Newspaper Page Text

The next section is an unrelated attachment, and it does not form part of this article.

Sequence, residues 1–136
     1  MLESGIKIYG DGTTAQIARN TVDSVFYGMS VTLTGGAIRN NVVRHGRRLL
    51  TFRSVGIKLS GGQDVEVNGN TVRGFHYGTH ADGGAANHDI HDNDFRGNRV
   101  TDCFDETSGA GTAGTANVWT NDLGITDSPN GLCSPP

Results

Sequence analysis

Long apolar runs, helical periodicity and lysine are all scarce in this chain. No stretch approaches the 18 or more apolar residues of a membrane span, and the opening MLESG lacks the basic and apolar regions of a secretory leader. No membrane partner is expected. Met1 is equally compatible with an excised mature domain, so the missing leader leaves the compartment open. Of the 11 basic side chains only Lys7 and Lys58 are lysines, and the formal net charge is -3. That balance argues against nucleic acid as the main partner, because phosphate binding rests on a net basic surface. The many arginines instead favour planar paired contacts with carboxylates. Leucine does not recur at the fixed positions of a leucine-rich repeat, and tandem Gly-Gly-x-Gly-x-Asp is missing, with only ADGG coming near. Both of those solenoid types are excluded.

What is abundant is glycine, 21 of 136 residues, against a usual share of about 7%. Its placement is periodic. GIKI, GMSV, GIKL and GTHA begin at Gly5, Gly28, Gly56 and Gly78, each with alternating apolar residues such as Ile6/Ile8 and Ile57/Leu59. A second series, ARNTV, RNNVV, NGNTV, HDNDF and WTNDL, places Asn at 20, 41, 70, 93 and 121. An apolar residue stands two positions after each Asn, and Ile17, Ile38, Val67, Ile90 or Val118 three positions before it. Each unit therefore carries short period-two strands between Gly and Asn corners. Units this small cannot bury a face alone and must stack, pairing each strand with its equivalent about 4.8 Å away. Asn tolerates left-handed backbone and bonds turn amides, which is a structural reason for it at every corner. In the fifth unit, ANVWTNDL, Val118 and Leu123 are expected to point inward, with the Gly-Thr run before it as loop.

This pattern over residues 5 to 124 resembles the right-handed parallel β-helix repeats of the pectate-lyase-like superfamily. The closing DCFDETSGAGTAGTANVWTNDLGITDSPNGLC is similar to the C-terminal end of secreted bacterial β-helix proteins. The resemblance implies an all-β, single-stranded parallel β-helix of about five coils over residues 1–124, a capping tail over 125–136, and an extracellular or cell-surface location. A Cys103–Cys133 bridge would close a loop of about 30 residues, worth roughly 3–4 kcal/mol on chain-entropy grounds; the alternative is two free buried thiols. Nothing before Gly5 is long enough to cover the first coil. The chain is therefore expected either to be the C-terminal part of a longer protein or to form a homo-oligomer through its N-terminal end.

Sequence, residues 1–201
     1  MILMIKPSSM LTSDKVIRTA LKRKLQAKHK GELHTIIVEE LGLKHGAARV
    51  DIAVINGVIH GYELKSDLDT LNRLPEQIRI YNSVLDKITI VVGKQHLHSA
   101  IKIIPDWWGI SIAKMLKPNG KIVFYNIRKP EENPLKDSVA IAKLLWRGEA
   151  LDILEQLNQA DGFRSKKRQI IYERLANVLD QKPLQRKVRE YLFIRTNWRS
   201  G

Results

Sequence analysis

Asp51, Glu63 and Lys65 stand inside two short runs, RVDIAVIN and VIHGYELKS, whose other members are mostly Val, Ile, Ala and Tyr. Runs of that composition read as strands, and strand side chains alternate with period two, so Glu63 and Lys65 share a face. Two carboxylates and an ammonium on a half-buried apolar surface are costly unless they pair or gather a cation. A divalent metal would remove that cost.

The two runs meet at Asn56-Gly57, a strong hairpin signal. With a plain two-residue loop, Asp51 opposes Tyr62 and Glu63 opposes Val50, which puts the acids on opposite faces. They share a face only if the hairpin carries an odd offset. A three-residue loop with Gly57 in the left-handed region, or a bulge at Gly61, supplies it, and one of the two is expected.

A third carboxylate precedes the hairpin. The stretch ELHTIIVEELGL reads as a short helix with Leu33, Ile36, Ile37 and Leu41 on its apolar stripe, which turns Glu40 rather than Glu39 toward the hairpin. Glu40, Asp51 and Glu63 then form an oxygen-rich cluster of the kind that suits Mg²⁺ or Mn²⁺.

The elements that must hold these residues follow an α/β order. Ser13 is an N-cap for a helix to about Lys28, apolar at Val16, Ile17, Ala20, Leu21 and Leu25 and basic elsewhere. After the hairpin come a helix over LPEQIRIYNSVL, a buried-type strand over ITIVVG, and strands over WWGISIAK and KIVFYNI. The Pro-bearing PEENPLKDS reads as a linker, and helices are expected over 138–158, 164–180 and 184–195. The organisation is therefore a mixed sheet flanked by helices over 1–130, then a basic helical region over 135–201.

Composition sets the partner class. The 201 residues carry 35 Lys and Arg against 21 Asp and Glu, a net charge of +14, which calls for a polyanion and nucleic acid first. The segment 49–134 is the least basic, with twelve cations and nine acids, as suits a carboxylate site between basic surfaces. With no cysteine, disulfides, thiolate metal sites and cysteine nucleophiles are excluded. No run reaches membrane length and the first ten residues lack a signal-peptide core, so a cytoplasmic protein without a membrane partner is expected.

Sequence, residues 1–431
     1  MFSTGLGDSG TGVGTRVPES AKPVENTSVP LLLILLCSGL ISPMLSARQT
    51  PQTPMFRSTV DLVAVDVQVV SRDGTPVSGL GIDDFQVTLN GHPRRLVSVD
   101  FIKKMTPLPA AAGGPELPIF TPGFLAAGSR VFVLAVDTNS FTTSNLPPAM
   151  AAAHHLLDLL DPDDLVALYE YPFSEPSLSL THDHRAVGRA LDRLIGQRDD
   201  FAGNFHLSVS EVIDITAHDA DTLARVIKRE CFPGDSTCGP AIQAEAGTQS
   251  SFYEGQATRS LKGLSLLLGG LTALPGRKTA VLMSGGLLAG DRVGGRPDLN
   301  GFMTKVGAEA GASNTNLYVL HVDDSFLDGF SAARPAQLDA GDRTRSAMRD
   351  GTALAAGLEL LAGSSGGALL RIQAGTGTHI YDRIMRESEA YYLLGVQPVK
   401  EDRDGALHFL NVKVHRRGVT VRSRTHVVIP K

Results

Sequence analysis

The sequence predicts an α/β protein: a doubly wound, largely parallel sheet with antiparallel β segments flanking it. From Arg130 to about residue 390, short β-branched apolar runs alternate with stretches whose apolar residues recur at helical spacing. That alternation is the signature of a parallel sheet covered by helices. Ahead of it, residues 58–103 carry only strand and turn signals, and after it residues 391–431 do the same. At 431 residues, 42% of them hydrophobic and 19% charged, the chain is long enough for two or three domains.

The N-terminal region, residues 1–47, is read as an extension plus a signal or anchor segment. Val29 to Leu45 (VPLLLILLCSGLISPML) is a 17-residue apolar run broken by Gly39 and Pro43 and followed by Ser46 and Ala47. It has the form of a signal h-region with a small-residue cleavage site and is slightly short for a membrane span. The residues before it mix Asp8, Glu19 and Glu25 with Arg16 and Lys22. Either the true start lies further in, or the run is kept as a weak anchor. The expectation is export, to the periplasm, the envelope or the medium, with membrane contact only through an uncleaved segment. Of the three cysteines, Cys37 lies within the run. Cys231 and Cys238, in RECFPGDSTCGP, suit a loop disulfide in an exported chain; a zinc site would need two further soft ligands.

,' temfteaos at the risk of absorlbe r nles s ' made by registebed letter, che~ pe=t or e pres prsr, peeble to Te lade*edeet Pub. bIhin Ceoma·y. !-Perseons desiring the lnaspllzmsrr served at tlri.hemes or place of bImlabr can orer by peisl eard or thre.gh telephone N4 100. Plese senbrt cews of irte.glir dellvery p. ptly. Addrittiementes, to iusdre prbap inasrtion, hetpld be handed in before a p. m. Rejected ommenieations not rternable en- I ee postage is enloeed. I TERMS OF SUBSCRIPTION. Y MAIAIL. Daily [including Sundayl per year.........$10 00 Daily lineluding Sundyvl six months...... 5 00 Daily including 8undayl three months.... 50 5 Daily, [excluding Sunday] per year......... 9 00 Daily 'lexcludian Sunday per month...... 71 Sunday only lin advancel per year......... 2 0 Weekly [in advance only I per year......... 00 C Daily by carrier, nor week. leaven issunel.. ' e HELENA, MONT., OCT. 29. 1891. gAFMontanians abroad will always find Ton t DAILY INorPCWEININT on file at their favorite hotels: Fifth Avenue and Metropolitan. New York: West, Mtinneapoli·: Baldwin and Palace., San Francisco: McDermott, Butte; Leland Hotel, p Springfield. III Mt. H1Inx't VILLAnR will take a very k large contract if he expects to stop off o in Helena on his return and convince Montaniane that free silver coinage will not benefit the state. Mit. G:onaRC: KENNAN, the noted Sibe. t rian traveler, and the first writer to ex pose the horrors of Siberian prison life, g should receive a very cordial greeting when he lectures in this city on Nov. 5. t ANDWII.w CAansN~:ii was thoughtful ht enough to send to President Harrison a A barrel of fine Scotch whisky. It will ei: come in mighty convenient on election at night when consolation is needed at the re White house after the returns are read. gr St THE Louisville Courier-Journal has se discovered an Indiana man who stands wl seven feet and two inches, and describes dt him as "quiet and undesirous of notor iety, a good farmer and a staunch dem- in ocrat." This man should have two mi votes. th HELENA should have several delegates Tt at the next meeting of the Trans-Missis- pa sippi congress at New Orleans. It is ce; believed that proper energy and judi- vs cious work will be successful in inducing rel the congress to hold the following con- et vention in Helena. ins THE McCarthyites and the anti-Mc- pri Carthyites are enjoying the regular old- tri fashioned Kilkenny fight, the difference enl being that instead of using the historic ani shillalah they have resorted to the vei pleasant and harmless innovation known the as the dynamite bomb. coi of CANDIDATE FASSETT's address before gal a Bowery audience in his shirt sleeves, spi and his appearance soon afterwards be- hai fore an audience in the Academy of Mu- of sic in a full dress suit, suggests that he ne might secure a position as lightning est change artist in a variety theater after try election, ior MAJon MAGINNIa, who spoke with Governor Bolos to an immense audience at Coupcil Bluffs last Friday, writes that the governor receives wonderful ovations at every point, and that his re election is regarded as a foregone con clusion by the best posted politicians of the state. THE beet sugar factory down at Lehi, Utah, is turning out sugar at the rate of a ton and a half a day. Now that it has been demonstrated that sugar beets can be raised in Montana, steps should be taken by some enterprising citizen to establish a factory for manufacturing the product. PRESIDENT and Mrs. Cleveland are not likely to find their household ex penses increased by the arrival of little Miss Ruth. The young lady has already received several car loads of silver spoons, plush sacks, cute little baby bonnets, hand-painted bibs and other infantile necessities. There is nothing t like being born lucky. t T..E latest in the epidemic of libel d suits against newspapers is that of United States Consul General Guenther v who sues two American editors of an t American paper published in the City of Mexico. If the plaintiff were a Mex ican he would probably employ a bowie t knifo in place of a summons and waive the probability of securing damages to the amount of seventy-live cents or a dollar. THE old-time joint debate between candidates is becoming more popular c every year. The debates between Gov. Campbell and Maj. McKinley were con- d ducted in a model way. Each handled his arguments with dignity and elo quence, and the audience was fortunate in having the privilege of hearing the issues presented in the best possible e light by those most interested. Recently Gov.Russell and Henry Cabot Lodge met t in joint debate, which was appreciated by the friends in both parties. IN a recent speech Gov. Russell fur nished the subjoined list of prices be fore and after the passage of the Mc Kinley bill, as furnished to him by one of the largest retail dealers on Boston: Gloves cost at retail from 25 to 50 cents a t pair now more than they did before the r McKinley law was enacted. Common lace curtains that cost 373 cents a pair now cost 45 cents. Those that cost $2 now cost $2.40. Plush garments that cost $20 now cost 1 $25. Pearl buttons have advanced from $9 to $14 a gross. Shirt buttons are $1.17 a dozen instead of 75 cents. Common woolen astrakhan cloth costs 2 $4.50 instead of $3.50 a yard. Silk-plush garments have advanced from t $9 to $13; woolen hosiery from 37 to 50 aents a pair. The rates of duty on certain kinds of : cloth, including kersey, corduroy cloth and t French cloaking, have advanced 30 per v cent., while the prices have advanced from 'J 32 4-10 to 44 4-10 per-ceut. f Underwear has advaneod from 10 to 25 0 per cent. Blankets have advanced 81 per V cent., and manufacturers refuse to accept I orders for future delivery. Neckties have 0 gone up from 1l3X to 50 per cent. English t waterproof cloth that cost $1.75 per yard a now costs $2.25. Glassware hay gone up from 6 to 20 nor I 4*t1, e ad eoelfyi 8 te 1, ThE pitlae rTgammn t rlghwtelrlow &i,8 has ld aneed nearly 80 per cekn of garon slass, Ma 10 4-10 per cent.; of common Ameriean a- window slas from 174, to 88 per cent. But on the other hand we hear of no ed increase of wages to offset this inoreant by of values, 16 ------- - TnorTatI AT mta warONT. The' year 1891 will very likely be m- known as the greatest trotting yeis tof many decades to come. That so many phenomenal events in the way of record breaking could follbw in such rapid suo oession was hardly believed possible. I 0 Within the last six weeks we have seen so a series of trotting marks made that may 1 00 not be touched for many years. First of 6 all, the peerless Sunol has taken the mw crown from Maud S., after six years c 1 of unbroken reign. As Mr. Marvin said C at the conclusion of Sunol's great per formance, it will be a long time before c her record of 2:08?: is lowered. But m there are other records quite as wonder. t _ ful. Think of the yearling, Bell Bird, a * ., mere colt, trotting a mile in 2:26C . This 1, performance is rightly regarded as the p most sensational trotting event ever a known. And thenu, too, think of the t I two-year-old Arion trotting a mile in t1 12:14i. Goldsmith Maid reached 2:14 p 0 when she was sixteen years old and held . the record four years. ti The pacers have likewise done glory to themselves. While Johnston's fastest m mile was not equaled, Direct, in his it great race with Hal Pointer at Nashville ti g the other day, won the second heat in It the fastest time ever paced in a race- ai 2:09%.. while the average of the three I heats--2:l0/.--has never been equaled. 8i a All this history is the result of the last * 1 six weeks of work on the turf. Besides, pc 1 any number of horses have lowered their to a records from day to day at the recent o great meetings at Independence and de Stockton. It is said that the close of the ar season will find more than 1,000 horses t who have lowered their record from 2:30 an during the year. at The great increase of popular interest c in trotting has been shown by the enor- on mous attendance at aH meetings, and th, the heavy prices paid for blooded horses. the The price of $100,000, which Mr. Reed mm paid for St. Blaise, seems fabulous ex- to cept to those horsemen who know the en value of the animal, while Mr. Williams' me refusal of $200,000 for Allerton would t seem to a tyro as sufficient evidence of bei insanity. Lo The trotter is peculiarly an American wit product. In England and foreign coun tries attention has been devoted entirely to running until very recently, and it is only within recent years that A very marked progress has been made in the development of the trotters in this net country. Twenty years ago the record Go of Lucille Gold Dust-2:16i4-was re- rai garded as almost the limit of trotting hai speed. The progress since that time ish has been due to the finer study eai of points and breeding. Mr. Bon- lo ner, who is probably the great- ra est authority on trotting in this noun- val try, recently remarked that in his opin- P ion 2:05, if it was ever reached, would be mr the limit of trotting speed. But who cnl can tell what twenty years more may ani bring forth? tr ELECTRICAL NOTES. Coffee-mills for grocery stores are now f run by electricity. The motor is placed at the foot of the stand, and the power re quired is about 110 volts. , A new hand electric gas lighter is made ,e in all particulars like the ordinary kind t except that where the spark is formed a little hood collects the gas and makes ig. nition certain. o The city of Vancouver, B. C., is consider ing the proposition to purchase the electric railway in that city. If the sale is effected, Vancouver will be the first city in British America to own a stieet railway. A Duluth mjn has invented a show case alarm, which consists of spring clips, in Swhich the goods to be displayed are placed. When the articles are removed an electrio r contact is made which rings a bell. 5 r As electric metoes are slightly warm, they r become a harbor fo: insects, which affects the veracity of the Instruments. One of the electric companies found a smart custo- 1 mer had pried his meter open and Intro 1 duced some spiders. SIt is proposed to supply Charlotte, N. C., n r with electric lights, the power to be ob- a I tained from the Catawba river, at the Horse- d shoe bend, some distance from the city. e The river is said to have a great velocity at that point, . A bicycle elevated road, to be operated by electricity, is proposed between Tacoma and Seattle. The distance is thirty-six miles, and it is estimated that it will take c but forty minutes to make the trip, whereas4 by steam it requires an hour and three r quarters. Electrio welding has been found to pro- t Sduce the most satisfactory results in the I manufacture of bicycles, and is extensively used in the large factories for all welding and brazing processes. lThe introduction of electric light, the 1 electric hoist, and compressed air drills for g mning operations, has indefinitely extended a the limitof deep mining. Previous to these a inventions it was not thought advisable to 1i go below 4,000 feet. Brazil's first electric railroad will soon be b in operation in the city of Biahia. It will be a a narrow-gauge passenger road one and a half miles lone. The whole plant and equipment were made in this country, anti shipped a short time ago. It is a sample y installment, and if the electric method of t t trans( ortation shall pleasee the Brazilians a a a much longer road will be built. d a The World's Fair. I : S Two eminent statisticians of Germany, Wagner and Sultan, have recently I:ub- h t lished an elaborate essay on the population of the world. The returns and estimates are brought down to Ainust of this year. ' The result puts the total population of the clobo at 1,480,000,0(0), of which Europe has I 8527,000,000), Asia 826;,4)0,000, Africa 164,000, 000, America 122,(000,0H00, Australia 8.000,000, I, I the Oceanic islands 7,t150,000. More than at 1 one-fourth of the human race is found in China and Japan, the foromer counting S;)0,,000,00) and the latter 40,000,000, more I than one -fifth is in India-344,00,000--of which 2.6,000,000 belong to British.india.i I The great states of Europe are returned as s follows, in round numbers: Russia, 13, 1 000,000, Germany 49,000,000, Austria-Hun- i' r gary 41,000,000,000. France :8,000,000, Great P. t Britain and Ireland 38,000,000, Italy, 30, ,000,000 and Spain 17,000,000. Belgium is Sthe most densely populated country on the I I globe. It contains just about twice as 1l many inhabitants to the square mile as r Massachusetts. ! ase, lsdletane 4Act l t.vP ena p* 7 a A The evidenee by whi.h Gen. ep , no Paul Conrad and thetair asse te a the Lonitalaa lottery weoen latdiotss op i Pith last, at WSonx Falllla D.Awae Y seated to the trand Jury by~ i peotons Posnue and ClOemeh tof h$ i division, All the evida~eras New Orleans, and the state ol f kota was cheast as a plce for°th oldla the deparleat fellt that i~th e . mn e ifa orable to securtnqRl.al vctiOn the t tn i any other lstate. o- oee department has surmised fo le. time that the Leisiana Lottery company has been using the mails to transttt lot. tery cirualars and during the last lammer ay has had agents and inspoetors oc of watching the New Orleans end. Th| h efforts were rewarded by the dilaoyery ibt the company was mailing copies t re decision of the supreme court of Louiiana lid on the question of lotteries and inolosing an express company envelope, by whilh r- money could be sent to the lottery ore ampany's bank. Copiesof these oiruolarl properly marked for identification, were sent to Washington for the inspection of hr. the attorney general. He examined the a evidenoe and declared in a written opinion, ,ie Sled in the postoffoe department, that the matter was unmailable and that the conm he pany had transgresse4 the lottery law. The or addresses of the ciroulars directed to per sons in South Dakota. North Dakota, and Oe Montana were recorded and notices sept to in the postmasters in South Dakota with in 14 structions that when circulars arrived the postmasters were to place on them the date Id and the initiate of his name for identifica tion. The circulars of that state were then gathered and presented to the grand jury at Sioux Falls, which found the indiot st mente. The same process has been eone is through with in North Dakota and Mon le tana, where indictments will be seoured at the next term of the United States court. in It is the undoubted purpose as expressed by an officer of the court, to wear out the lot tery company if possible by tt: end of the e year. The government will have obtained i. fifty indictments against each of the i eleven offlicers of the company, and all the available resources of. the 4 postoffice department will be devoted r to securing a conviction and breaking t up the company. The officers of the court at Sioux Falls are in something of a quan d dary as to the best means to secure the e arrest of the officers of the company. The fees necessarily connected with bringing the lottery people to Sioux Falls would .0 amount to $2,000. The warrants for the arrest were mailed to New Orleans. The controller of the treasury decided that no it fees will be allowed to marshals traveling outside of their district unless they have t the consent of the marshal of the district which they have invaded. So, in this case, ' the arrest will be made by the New Orleans a marshal. The department has officers there to see that he does his duty. By the law passed last winter by congress it is made a a crime to transfer through the mails lottery matter. The crime is punishable either at the place where the letters were mailed or at the point where they are received. It f being practically impossible to convict in Louisiana for this offense the postal de partment decided to bring the case some where in the north. RECORD BREAKERS. A Helena Turnip and the King Potato Raiser. Helena kitchen gardensvie in productive ness with the ranches of the state. William Gelhaus has a seven-pound turnip, which he raised in his yard at 837 Ninth avenue. He has a splendid patch of black winter rad ishes. He pulled a radish out of the rich earth yesterday which was eighteen inches long. C. H. King claims to be the king potato raiser. Mr. King lives in the Yellowstone valley, and says he raised 1,007 bushels of potatoes from one acre this year. The Boze man Chronicle says: "Mr. King will win the prize of $100 offered by the American Agri culturist, if he can subetantiate his claimse, and we have no doubt that he can. Mon tanas in spots, is a great agricultural coan trp.' Secretary Ramsey, of the World's fair commission, yesterday received four varie ties of apples from D. C. Bass, of Stevens ville, Mont. The apples are all fine, large ones, and demonstrate what the soil in the vicinity where they were raised is capable of. Climate for Coasumptives. CHICAGO, Oct. 28.--A public meeting of the American Health Resort association, held here last night, was largely attended. Dr.Peun, of Paris, accredited representative of the French government to find a suita ble climate for consumptives, reported that this had been discovered at Las Cruces, N. M. Dre. Danter, of Toronto; Roberts, of Boston; Eggert, of Santa Fe; Seward, of New York, and Hartley, of California, united in the decision that New Mexicoo western Texas, southeaste:n Colorado' and southwestein Kansas had a health-giving climate possessed by no other territory upon earth. Dr. Andrews, of Detroit, re ported favorably upon Honolulu as a re esOt. A Handsome Office. County Clerk Tooker takes great pride in the handsome appearance of his office. The large and well-lighted room has been in the hands of the frescoers for a week. Every person who enters the room stops to ad mire the artistic workmanship and to ask who did it. The artist is John A. Schnei der, of Helena, who has done some very excellent work of this kind in a number of private residences in the city, but Mr. Tooker thinks the artist has put the very finest specimen of his handiwork on the wells and ceiling of the clerk's office of Lewis and Clarke county. The frescoing in the supreme, United States and district court rooms, county commissioners' and county treasurer's offices is also from Mr. Schneider's brush. A Mighty Army. CaIcAoo, Oct. 28.-At to-day's session of the convention of militiamen it was decided to hold a national encampment at Chicago during the World's fair and that the camp be located within a radius of twenty miles from the exuosition grounds, August 5, 1893, was derided upon as the date of be. ginning the encampment. It was decided that each member of the convention be authorized to exert all honorable means to secure the passage by congress of suitable legislation and appropriations to bold the encampment. Only regular army soldiers and reeularly enlisted national guards will be allowed to participate in theencamD ment. Mikado Wins at I)Dallas. Alex. Lewis telegraphed to S. S. Huntley yesterday from Dallas, Tex., that Mikado, the pacer bred by iHuntley & Clark, was the winner in three events. Mikado came un der the wihe first in the 2:30 and 2:25 pace, and beat W. W. P. in the 2:20 pace In three straight heats. The time was 2:20, 2:19~ , 2:20. T: besat assortment of hoslery in the city can be fouxd at T'li Bee Hive. Prices very low, Legal blanks at this omcae Redaks. Seven styles of kodaks and films at A. M. Holler Hardware Co. Ladles' muslin underwear, men's night shirts, lnfants' cloaks, and table, linens at a sacrjioce. at The lee Rise. Elegant line of clhinaware Jast received from I the Importers; popular prices. Butcher& rehd lay. tecause your lather traveled wilh an oa lear Is It any reason why yao Uhould? No. Tahe ion't, for maercy's sake, ee any mor, wInter wheat flour for bread, but use tie great and only erfectedl Washburn I ruby company's "Bet" flour. Ohi. such beautiful lwhite, moist, light. elegant breal. Ask your grocer for it. A.B. lahen Grocery company; mill agenlls. 1eles. Toy pianos, methllalltnier., lharmonicas, music oxes, anid other instrumeets of tort.re at The Ble live. Por a fine album or dressing case go to The L'ee Hive. HELE . IA .. ES TE Because Helena is a live town. money for their inception and Because Helena is already a support. business center of large propor- Think of the vast sums re tions. ceived by Helena men as profits Because Helena is now a rail- and dividends from these same road center and bound to remain enterprises. so. Then say, if you can, that Hal ena has no great future in store Because Helena is the tempo, for her. rary capital of Montana. Rather, take advantage of your Because Helena will be the opportuiities and secure some permanent capital and metropolis Helena real estate while it is still of a state destined to become cheap and low, and thus be in one of the richest in the union. position to reap some of the pro. Because Helena's citizens are fits from our city's wonderful progressive and thoroughly alive growth. to their opportunities. We believe in Helena as a city, Because they have resisted in her men, her enterprises, and the tempation to over-boom their above all, in the money niaking city-depending rather on solid qualities of her real estate. We material advancement, with back our faith by our deeds, and steady appreciation of values to invite you to do likewise. We gas-bag boasting and grossly in- buy and sell Helena Real Estate flated valuations on paper. of every description, and can al Look at Helena's great bank- ways find a good bargain for ing capital. every customer. A personal in vestigation of the properties listed Look at the many great enter- with us is invited. We also in prises in every quarter of Mon- vite correspondence from out of tana and the great northwest de- town buyers in regard to Helena pendent upon Helena men and properties. * Wallace & Tkornburgh,. ***iDENVER BUILDING,*... Broadv)ay and Warren Sts., Jielena, Montana IUANCH OF 2,000 ACRES Well improved and thoroughly ir rigated, on fine range. A great bargain. W. E. COX, GOLD BLOCK. * PATENTS. United States and Foreign Pat ents obtained and any information given. EDWARD C. RUSSELL, Attorney at Law. Pittsburgh Block. Helena, Mont. JACQUEMIN & CO. Watchmakers, Jewelers, Silversmiths. : Dealers in : : DIAMONDS, WATCHES, SILVERWARE, CUT CRYSTAL, FANCY GOODS. Complicated Watch Repairing, Artistic Engraving, Jewelry Manu factured to Order. MONTANlA SAPPHIRE and NUGGET JEWELRY A SPECIALTY. Call and Examine Our Stock. No. 27 Main Street, Helena. NOTICE-NOTICE IS HEREBY GIVEN, THAT the io of World'l Fsir pManagers for the stat of Montana will receive co Gpetlte designs for a bnlldjsg for the taie of Moatana at the World's (olenbiaa E:p etlon and will pay therefore prihe of two eadrwJ (SMt"0) do1 are, for the dreagn seleOted, an one huandrod (sel) dollars for the next best In point of .xoelleaoe, the qeatiun of seectloa and rejection to he do cided bly rh committee on bildlsandgr oade at the meotin of the said boasrd to he held at Helena, Mont,, Nov,. 2 13.1. Designs ahould be drawn so oo-1 ghth (Ii) Inch selse, finshod with pen Ia ank, nd for baidiad to eoast not more tham fiften ta ($15000) dollars eompleted (In whole or ia prt ofMotalana materla) and i contain a reception l feor plors. two emoee, and a hall for the dlsnly Of .rstapa produlto. te iroun to n e oonptd Is sevent-lirvo (75) foot in width and two heffred (SY) foot les, The eretooet whoe dlga i seleIoted wifr0 wolve vegnlar fees for plane, speellfation sand detail drawings. Addree all oommoloetiou o J. o. Rmsy, eeretay. Meena W M. o IC. W RD. zxeuDive tsndsjienILn GANS & KLEIN Stanley says: "I owe my preservation of health while passing through the Dark Conti nent to the wearing of DR. JAEGER'S underwear." The manufacturers of the best goods throughout the world always seek out the best house in each city to sell their wares. The famous DR. JAEGER came straight to us, and we control the sale of his pro ductions in this city. They have done more for health than any dozen other agencies ever known. In fact, in a changeful climate they are almost the only remedy to ward off disease. The new fall and winter weights for women, men and children are here in improved shapes. Keep healthy, wear wool next your body the year round. GANS & KLEIN, Leading Clothiers, Hatters and Haberdashers.